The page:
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“I serve therefore I am”: Youth and Generative Politics in India

  • Craig Jeffrey (a1) and Jane Dyson (a2)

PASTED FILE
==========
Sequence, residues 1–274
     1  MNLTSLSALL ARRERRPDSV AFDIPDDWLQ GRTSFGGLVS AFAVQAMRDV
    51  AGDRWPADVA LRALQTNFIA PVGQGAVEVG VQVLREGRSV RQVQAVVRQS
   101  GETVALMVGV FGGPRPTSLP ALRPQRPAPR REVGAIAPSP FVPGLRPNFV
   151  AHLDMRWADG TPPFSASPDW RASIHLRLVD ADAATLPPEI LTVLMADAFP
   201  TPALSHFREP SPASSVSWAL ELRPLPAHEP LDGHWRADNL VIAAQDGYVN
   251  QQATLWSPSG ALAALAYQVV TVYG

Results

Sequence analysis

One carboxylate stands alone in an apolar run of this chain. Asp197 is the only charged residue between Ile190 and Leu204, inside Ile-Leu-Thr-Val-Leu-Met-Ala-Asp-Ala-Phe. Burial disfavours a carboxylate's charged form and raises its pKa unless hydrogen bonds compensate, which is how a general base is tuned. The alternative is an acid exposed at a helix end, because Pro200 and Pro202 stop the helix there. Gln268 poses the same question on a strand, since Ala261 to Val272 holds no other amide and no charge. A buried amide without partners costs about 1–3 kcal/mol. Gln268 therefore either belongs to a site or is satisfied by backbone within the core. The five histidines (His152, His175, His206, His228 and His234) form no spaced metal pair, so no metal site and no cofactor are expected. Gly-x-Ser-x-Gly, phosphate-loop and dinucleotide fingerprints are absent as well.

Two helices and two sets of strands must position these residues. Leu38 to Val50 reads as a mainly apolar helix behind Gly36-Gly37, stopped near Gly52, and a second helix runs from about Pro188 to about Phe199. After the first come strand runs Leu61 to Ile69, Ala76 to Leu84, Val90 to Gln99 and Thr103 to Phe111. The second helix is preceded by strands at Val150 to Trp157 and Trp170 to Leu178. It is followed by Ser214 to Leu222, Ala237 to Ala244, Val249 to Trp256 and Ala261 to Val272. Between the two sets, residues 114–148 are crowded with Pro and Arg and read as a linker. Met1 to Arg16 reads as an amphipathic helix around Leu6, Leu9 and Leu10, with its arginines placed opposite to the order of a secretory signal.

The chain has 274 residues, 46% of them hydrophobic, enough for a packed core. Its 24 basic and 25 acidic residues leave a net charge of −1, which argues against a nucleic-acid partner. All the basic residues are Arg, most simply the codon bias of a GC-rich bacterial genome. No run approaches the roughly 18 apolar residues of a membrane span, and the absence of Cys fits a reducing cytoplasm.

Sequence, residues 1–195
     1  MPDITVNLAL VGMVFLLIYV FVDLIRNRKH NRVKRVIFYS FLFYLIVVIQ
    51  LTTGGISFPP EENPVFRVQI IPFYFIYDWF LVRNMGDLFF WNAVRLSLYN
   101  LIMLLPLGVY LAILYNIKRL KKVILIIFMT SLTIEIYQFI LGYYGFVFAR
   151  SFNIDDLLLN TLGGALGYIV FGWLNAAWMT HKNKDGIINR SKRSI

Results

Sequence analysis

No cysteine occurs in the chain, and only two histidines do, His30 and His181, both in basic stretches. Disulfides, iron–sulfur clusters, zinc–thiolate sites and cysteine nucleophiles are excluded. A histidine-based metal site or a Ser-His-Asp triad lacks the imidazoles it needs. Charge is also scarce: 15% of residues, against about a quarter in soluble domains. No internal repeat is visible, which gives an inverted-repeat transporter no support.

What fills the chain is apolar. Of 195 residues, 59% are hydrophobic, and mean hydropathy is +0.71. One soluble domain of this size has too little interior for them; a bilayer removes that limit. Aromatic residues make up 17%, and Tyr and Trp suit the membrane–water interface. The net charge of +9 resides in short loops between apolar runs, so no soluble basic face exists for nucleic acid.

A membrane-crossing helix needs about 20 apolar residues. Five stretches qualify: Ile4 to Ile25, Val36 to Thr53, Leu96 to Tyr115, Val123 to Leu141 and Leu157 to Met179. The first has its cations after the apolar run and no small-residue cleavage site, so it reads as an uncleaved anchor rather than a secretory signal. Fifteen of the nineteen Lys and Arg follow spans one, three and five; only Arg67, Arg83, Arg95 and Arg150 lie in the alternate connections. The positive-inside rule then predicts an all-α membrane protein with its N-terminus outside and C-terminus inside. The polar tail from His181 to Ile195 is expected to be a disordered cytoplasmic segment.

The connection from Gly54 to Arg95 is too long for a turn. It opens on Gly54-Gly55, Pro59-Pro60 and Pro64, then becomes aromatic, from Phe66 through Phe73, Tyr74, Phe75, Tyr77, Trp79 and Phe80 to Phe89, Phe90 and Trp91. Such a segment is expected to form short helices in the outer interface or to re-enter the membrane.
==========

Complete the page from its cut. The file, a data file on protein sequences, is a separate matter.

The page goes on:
This paper uses qualitative research in Uttarakhand, India to highlight the vitality of civil society and the involvement of young people in everyday “civic” politics. Much recent academic literature emphasizes the ubiquity of narrowly self-interested patronage politics in South Asia, Africa, and Latin America, as captured in the saying sometimes attributed to politicians in Cameroon: “I graze therefore I am.” But in specific moments or conjunctures, more “civic” forms of politics come to light, perhaps especially among youth. Building on intensive, qualitative field research, we show that a new generation of educated, underemployed youth in the village of Bemni serve their community in key ways. They also make strong arguments about the nature of “politics” and how it might be re-imagined as “generative”—concerned with building resources—rather than “allocative”—a zero-sum game of competition for power. We draw attention to the potentials of this practice and discourse of politics as well as its limits, particularly that it is dominated by young men and tends to reproduce caste and gender inequalities. We also call for more concerted study of youth community activism in contexts of predatory clientelism.

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